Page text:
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Climate Change Adaptation in Coastal Communities

Regional Economics of Climate Change
Project leader
Maripaz L. Perez
1 Jun 2011
29 Feb 2012
Coastal and marine ecosystems are vital to Indonesia, Philippines and Vietnam, as each of these countries depend on fish and other marine products to fuel their economy and feed their people. However, the impacts of climate change, such as rising sea levels, storm surges and typhoons, mean that these coastal ecosystems and the communities who depend on them are more at risk than ever before. Indeed, it is now necessary for these countries to increase the resiliency of coastal communities to such impacts.
Some of the longer running coastal rehabilitation programs currently in place include activities such as mangrove reforestation, and large comprehensive programs that address the need for integrated coastal management. Whilst the positive impact of these activities is not in doubt, the specific benefits associated with climate change risk reduction and resiliency enhancement have yet to be identified.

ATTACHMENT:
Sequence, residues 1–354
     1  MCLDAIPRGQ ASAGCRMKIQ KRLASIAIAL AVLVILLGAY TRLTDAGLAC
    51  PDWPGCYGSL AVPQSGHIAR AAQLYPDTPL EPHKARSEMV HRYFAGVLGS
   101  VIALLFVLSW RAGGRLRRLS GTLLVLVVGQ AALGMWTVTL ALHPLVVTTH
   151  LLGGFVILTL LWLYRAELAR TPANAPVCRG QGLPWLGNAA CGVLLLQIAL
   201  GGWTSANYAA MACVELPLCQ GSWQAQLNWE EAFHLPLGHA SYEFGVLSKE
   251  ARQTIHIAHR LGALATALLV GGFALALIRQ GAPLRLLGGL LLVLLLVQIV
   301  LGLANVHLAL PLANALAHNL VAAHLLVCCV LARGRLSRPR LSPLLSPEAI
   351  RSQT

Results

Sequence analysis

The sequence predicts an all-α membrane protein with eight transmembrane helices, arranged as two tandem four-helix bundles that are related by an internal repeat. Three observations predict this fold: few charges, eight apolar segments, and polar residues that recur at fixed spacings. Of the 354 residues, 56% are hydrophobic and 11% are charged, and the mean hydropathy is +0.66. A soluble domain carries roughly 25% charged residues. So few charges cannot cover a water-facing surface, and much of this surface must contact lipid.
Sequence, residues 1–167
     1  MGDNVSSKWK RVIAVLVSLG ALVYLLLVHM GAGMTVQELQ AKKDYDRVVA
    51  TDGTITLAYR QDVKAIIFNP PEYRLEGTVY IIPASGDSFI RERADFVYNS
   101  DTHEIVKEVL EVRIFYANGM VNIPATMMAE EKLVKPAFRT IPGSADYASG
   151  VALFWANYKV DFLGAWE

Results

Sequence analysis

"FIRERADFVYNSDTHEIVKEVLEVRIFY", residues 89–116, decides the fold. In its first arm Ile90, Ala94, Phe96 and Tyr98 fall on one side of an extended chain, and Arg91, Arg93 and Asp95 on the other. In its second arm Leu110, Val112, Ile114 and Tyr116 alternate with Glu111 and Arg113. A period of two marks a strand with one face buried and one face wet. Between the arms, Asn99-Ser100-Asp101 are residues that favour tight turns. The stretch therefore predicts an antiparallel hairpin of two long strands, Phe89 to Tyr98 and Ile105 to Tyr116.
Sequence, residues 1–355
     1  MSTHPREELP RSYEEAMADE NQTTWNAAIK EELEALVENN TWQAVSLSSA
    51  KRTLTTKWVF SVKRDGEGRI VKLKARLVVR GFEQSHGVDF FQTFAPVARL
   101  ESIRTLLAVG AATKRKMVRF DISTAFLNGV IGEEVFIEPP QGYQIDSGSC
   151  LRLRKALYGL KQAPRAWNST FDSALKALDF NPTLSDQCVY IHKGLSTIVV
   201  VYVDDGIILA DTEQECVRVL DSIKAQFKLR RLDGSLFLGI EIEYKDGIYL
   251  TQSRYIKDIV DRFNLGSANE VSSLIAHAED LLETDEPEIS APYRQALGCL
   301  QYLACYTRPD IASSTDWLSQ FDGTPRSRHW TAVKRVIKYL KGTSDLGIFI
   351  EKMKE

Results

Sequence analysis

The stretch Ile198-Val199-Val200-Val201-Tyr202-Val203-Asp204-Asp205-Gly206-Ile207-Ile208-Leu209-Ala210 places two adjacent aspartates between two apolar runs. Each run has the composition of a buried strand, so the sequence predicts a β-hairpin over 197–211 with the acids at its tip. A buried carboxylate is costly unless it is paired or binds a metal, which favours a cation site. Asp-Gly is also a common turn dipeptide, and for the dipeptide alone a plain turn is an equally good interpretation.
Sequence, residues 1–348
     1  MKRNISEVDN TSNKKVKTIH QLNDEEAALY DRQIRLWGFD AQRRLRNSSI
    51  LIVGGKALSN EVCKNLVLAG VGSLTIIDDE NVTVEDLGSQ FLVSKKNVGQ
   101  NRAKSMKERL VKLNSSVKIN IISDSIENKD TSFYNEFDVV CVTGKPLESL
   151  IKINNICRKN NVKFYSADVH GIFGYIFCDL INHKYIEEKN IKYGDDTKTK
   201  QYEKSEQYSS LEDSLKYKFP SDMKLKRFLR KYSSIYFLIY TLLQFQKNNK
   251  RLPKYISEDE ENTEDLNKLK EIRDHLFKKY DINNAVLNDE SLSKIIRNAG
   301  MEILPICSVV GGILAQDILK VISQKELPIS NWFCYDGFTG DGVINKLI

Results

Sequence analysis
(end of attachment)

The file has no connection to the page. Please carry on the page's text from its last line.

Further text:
Regional Economics of Climate Change

To date, government policies have focused on ‘hard’ adaptation measures such as the introduction of sea dykes, reinforcement of infrastructure, and weather monitoring and forecasting. However, little attention has been paid to ‘soft’ adaptation measures such as increasing institutional capacity through policy reforms or the role of collective action and social capital in reducing poverty and building resilience.
The ‘Regional Economics of Climate Change’ project, implemented by The WorldFish Center and funded by the Economic and Environment Program for South East Asia (EEPSEA), is helping Indonesia, Philippines and Vietnam to better understand the risks posed by climate change, with a view to designing appropriate climate change adaptation strategies, especially in coastal areas. Towards this end, key lessons will be provided by six case analyses.
A key objective of the study is to help decision makers at both the local and national levels to integrate robust adaptation strategies into their development plans and budgets within a context of high uncertainty, competing needs and limited financial resources.
The Project Teams are also looking at juvenile fisheries, which continue to be a source of livelihood in a number of coastal communities in all three countries, even though they disrupt the natural biological cycle of growth and reproduction of many fish species and lead to a reduction in fish stocks. To address these issues, policy reforms, crafted within the unique context of the livelihood systems of the communities involved, are being investigated.
Overall, this study will examine the risks associated with climate change in the coastal areas of Indonesia, Philippines and Vietnam, and will provide a comparison of viable adaptation options in each location, including an analysis of the policy implications of each option.